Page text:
Commentaries: March 2007 Archives



I've organized most of my lists of volumes in commentary series both in canonical order and in chronological order of publication. This is the chronological listing of the volumes in the New American Commentary series, first for the whole Bible and then for the Old Testament and New Testament separately. The list of volumes in canonical order can be found here.

[Note: The volumes on Daniel and Galatians were released in the same month. I do not know the exact publication dates. Therefore, I don't know which came out first if they were published on different dates. I had to list one of them before the other, so I went with canonical order. All the others are in chronological publication order.]



This is a list of the current and forthcoming commentaries in the New American Commentary (NAC). For a chronological list according to publication date, see here. For more series, see my post on commentary series. This series is published by Broadman and Holman, and thus its commitments will reflect those of the current people behind that publisher, who are conservative Southern Baptists. Not every commentator in the series is a dispensationalist SBC type (e.g. a few are Reformed Baptists with other eschatological perspectives), but all volumes can be expected to affirm inerrancy and to have contemporary relevance in mind. The aim is to be mid-level, less depth than the New International Commentary series (and even a little less than the Pillar New Testament Commentary) but much more expansive than the Tyndale series and most other expositional commentaries. Some of the volumes seem to leave much of the scholarship in footnotes and just give a running exposition. Others are more detailed in exegetical rigor in the main text. All are fairly readable to those without strong seminary training, and some are quite excellent. Most of them spend more time on theology than is common in more detailed series. The series is mostly complete now, with Psalms, Isaiah, Zechariah, I Corinthians, Ephesians, Hebrews, and Revelation left to be published. Here are the volumes that are out:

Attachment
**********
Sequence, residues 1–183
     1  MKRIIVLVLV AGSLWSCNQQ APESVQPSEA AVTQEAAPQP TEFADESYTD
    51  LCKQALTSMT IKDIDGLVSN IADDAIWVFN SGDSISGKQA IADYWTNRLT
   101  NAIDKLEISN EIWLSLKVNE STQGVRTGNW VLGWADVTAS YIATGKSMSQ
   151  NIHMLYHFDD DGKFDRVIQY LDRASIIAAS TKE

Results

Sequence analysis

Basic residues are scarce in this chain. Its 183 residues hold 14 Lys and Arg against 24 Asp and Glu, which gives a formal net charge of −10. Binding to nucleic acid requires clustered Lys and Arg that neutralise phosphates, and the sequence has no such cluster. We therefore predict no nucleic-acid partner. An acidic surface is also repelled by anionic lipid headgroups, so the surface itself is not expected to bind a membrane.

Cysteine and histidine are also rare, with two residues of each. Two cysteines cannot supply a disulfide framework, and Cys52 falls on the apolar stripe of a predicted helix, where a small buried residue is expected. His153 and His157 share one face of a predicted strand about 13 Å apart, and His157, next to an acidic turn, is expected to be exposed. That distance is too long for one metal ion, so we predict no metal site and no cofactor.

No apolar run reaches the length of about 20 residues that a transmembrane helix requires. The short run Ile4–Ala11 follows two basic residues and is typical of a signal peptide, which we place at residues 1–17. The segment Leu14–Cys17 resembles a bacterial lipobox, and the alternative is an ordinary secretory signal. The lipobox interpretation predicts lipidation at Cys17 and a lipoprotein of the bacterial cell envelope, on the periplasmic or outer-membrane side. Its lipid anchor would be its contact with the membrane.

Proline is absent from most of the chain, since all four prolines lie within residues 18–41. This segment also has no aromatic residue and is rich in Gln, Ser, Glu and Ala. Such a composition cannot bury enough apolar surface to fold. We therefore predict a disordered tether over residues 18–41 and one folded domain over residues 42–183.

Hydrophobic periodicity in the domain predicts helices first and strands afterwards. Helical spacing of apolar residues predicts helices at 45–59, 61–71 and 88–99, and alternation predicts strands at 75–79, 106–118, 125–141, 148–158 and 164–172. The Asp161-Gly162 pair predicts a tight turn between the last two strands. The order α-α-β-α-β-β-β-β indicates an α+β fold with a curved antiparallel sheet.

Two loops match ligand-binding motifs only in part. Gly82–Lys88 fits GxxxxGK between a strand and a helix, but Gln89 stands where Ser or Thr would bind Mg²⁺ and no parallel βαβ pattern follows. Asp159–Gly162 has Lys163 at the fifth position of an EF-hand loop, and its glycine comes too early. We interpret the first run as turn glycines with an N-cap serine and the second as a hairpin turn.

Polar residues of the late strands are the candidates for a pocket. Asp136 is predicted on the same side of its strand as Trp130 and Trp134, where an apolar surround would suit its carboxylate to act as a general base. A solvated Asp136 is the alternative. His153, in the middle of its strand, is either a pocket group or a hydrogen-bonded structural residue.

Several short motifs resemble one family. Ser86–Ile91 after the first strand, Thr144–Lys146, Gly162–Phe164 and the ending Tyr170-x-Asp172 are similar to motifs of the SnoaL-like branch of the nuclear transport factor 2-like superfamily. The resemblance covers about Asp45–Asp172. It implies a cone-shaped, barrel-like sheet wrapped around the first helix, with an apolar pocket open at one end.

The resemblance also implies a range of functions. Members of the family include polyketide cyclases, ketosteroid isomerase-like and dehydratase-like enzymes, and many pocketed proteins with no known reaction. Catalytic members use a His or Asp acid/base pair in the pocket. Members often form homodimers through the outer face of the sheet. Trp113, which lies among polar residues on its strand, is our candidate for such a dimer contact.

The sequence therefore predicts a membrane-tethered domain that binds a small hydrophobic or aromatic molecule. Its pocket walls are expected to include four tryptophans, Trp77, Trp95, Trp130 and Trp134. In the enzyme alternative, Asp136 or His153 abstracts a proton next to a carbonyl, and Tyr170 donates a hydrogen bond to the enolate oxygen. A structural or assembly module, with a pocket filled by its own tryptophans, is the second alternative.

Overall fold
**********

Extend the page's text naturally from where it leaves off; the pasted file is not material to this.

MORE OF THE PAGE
O. Palmer Robertson's Nahum, Habakkuk, Zephaniah has put together an excellent treatment of these three minor prophets. He defends views typical among conservative evangelicals, placing the books in the 7th century and defending the unity of composition, each by the single author they claim to be about. His treatment of the theology of these books is probably one of the best among contemporary commentaries.

Robertson tends to emphasize New Testament and later Christian interpretations, usually in a way that I find convincing but occasionally going a little beyond the text. Consider the following example. Coming from a Reformed theological tradition, Robertson defends the Reformation interpretation of justification by faith in Habakkuk, something several of the more mainstream commentaries have sought to undermine. He so emphasizes faith (over faithfulness) that I think he underemphasizes the connection between faith and repentance that some other commentaries seemed to me to get more clearly, but I welcome his attempt to see genuine justification by faith in Habakkuk's prophecy. I didn't notice anything particular to covenant theology as opposed to new covenant theology (the differences between Reformed covenant theologians and Reformed Baptists), though his expertise is in covenant theology.

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